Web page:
Diabetes-related vision loss growing worldwide

The worldwide burden of diabetes-related vision loss is growing alarmingly. Over 2 decades from 1990-2010, the number of people worldwide with diabetes-related blindness or visual impairment rose by an alarming 27 percent and 64 percent, respectively. In 2010, 1 in every 52 people had vision loss and 1 in every 39 people were blind due to diabetic retinopathy – where the retina is damaged by diabetes.

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The researchers suggest poor control of blood glucose and inadequate access to eye health services in many parts of the world are contributing to the growing global burden of diabetes-related vision loss.

 

These figures are the result of an analysis by a global consortium, who recently published their work online in the journal Diabetes Care.

As the number of people living with diabetes worldwide grows, so increases the risk of more people developing diabetic retinopathy and suffering subsequent vision loss, especially if they do not receive or adhere to the care they need.

Diabetic retinopathy is a disease of the retina that damages sight as a result of chronic high blood sugar in diabetes. The high sugar damages the delicate blood vessels in the retina – the light-sensitive layer of tissue that lines the back of the eye.

As the damage increases, the blood vessels begin to leak and distort vision. In people with advanced diabetic retinopathy, new, abnormal blood vessels grow in the retina, causing further damage and eventually permanent scarring and vision loss or blindness.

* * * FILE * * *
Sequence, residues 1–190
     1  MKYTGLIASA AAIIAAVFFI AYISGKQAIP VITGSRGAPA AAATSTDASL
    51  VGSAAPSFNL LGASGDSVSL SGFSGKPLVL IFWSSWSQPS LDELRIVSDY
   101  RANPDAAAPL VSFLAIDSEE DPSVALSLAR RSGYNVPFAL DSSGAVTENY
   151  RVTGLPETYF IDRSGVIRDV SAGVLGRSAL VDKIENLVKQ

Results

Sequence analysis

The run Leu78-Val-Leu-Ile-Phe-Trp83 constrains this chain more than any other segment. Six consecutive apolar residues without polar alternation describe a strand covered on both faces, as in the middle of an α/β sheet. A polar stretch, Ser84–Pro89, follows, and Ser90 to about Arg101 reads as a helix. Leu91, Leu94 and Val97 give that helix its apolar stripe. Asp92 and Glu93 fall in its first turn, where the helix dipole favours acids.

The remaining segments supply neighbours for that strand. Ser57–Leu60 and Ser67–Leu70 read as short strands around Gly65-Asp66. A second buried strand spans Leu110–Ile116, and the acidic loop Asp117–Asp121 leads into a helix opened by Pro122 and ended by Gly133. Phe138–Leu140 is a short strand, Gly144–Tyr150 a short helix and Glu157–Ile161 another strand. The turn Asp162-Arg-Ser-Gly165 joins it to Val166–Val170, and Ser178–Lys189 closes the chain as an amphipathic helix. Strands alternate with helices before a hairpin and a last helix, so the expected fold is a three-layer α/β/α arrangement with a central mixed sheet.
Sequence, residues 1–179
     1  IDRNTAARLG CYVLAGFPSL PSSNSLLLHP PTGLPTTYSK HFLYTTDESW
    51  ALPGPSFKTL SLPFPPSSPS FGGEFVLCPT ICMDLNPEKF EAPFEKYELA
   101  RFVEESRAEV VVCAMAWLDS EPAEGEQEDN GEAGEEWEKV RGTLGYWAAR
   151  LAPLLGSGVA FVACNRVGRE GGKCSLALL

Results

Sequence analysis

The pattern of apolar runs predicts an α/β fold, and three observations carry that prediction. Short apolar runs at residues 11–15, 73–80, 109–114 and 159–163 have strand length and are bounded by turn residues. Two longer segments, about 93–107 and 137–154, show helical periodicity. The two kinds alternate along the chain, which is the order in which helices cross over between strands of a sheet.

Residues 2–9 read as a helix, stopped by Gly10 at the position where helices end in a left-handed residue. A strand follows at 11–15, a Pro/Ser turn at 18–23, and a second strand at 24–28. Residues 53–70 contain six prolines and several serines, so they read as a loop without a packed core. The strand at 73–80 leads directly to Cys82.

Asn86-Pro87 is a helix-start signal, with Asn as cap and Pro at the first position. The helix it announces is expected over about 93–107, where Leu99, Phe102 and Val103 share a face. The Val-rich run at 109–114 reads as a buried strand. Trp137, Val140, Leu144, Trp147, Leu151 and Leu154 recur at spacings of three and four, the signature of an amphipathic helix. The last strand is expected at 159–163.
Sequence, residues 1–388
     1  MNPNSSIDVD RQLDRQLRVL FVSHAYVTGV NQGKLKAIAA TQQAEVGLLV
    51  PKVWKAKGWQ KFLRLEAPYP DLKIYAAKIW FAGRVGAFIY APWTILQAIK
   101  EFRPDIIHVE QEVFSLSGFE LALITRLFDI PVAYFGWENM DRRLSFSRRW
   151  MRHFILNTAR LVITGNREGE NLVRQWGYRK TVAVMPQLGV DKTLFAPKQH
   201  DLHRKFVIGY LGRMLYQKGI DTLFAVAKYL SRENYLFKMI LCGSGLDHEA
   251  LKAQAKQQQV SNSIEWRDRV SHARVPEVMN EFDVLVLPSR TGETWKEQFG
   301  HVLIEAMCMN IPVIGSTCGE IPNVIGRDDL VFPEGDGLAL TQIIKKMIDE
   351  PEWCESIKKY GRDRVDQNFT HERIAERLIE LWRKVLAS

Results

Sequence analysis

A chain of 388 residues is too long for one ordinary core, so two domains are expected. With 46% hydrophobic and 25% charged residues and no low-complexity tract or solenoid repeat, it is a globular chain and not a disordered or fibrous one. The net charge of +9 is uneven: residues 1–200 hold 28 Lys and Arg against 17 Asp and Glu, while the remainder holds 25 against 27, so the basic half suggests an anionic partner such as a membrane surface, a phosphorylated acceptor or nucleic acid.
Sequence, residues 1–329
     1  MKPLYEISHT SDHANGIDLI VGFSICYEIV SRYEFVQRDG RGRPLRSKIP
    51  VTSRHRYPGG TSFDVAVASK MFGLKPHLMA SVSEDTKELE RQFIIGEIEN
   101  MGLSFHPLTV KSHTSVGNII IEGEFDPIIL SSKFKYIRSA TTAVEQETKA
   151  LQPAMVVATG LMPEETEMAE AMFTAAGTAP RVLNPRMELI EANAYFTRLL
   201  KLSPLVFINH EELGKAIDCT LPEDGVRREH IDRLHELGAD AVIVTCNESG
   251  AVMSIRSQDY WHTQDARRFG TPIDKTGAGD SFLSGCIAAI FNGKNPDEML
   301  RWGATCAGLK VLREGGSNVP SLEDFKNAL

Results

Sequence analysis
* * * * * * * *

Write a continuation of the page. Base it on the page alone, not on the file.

Lead author Janet Leasher, associate professor of the College of Optometry at Nova Southeastern University in Fort Lauderdale, FL, says:

“Unfortunately diabetic retinopathy usually does not have any symptoms in the early stages.”

Thus, it is important that people with diabetes have their eyes tested every year, follow the advice of their eye health practitioner, and make sure they keep their blood sugar under control.

 

Researchers suggest poor control of blood glucose and inadequate access to eye health services in many parts of the world are contributing to the rising numbers of people with diabetes-related vision loss.

 

Lead investigator Rupert R.A. Bourne, professor and associate director of the Vision and Eye Research Unit at Anglia Ruskin University in the United Kingdom, says:

“With the alarming prevalence of vision loss due to diabetes rising more than two thirds in the last 20 years, the precipitous global epidemic of diabetes must be addressed.”

He and his colleagues suggest policymakers in the regions most affected by diabetic retinopathy should develop and implement plans for preserving the vision of diabetic adults, screen for diabetic retinopathy, and improve glucose and blood pressure in diabetics.

They should also intensify efforts to prevent and treat diabetic retinopathy – for instance, by introducing laser treatments, use of intravitreal injections of steroids, and anti-VEGF (vascular endothelial growth factor) drugs.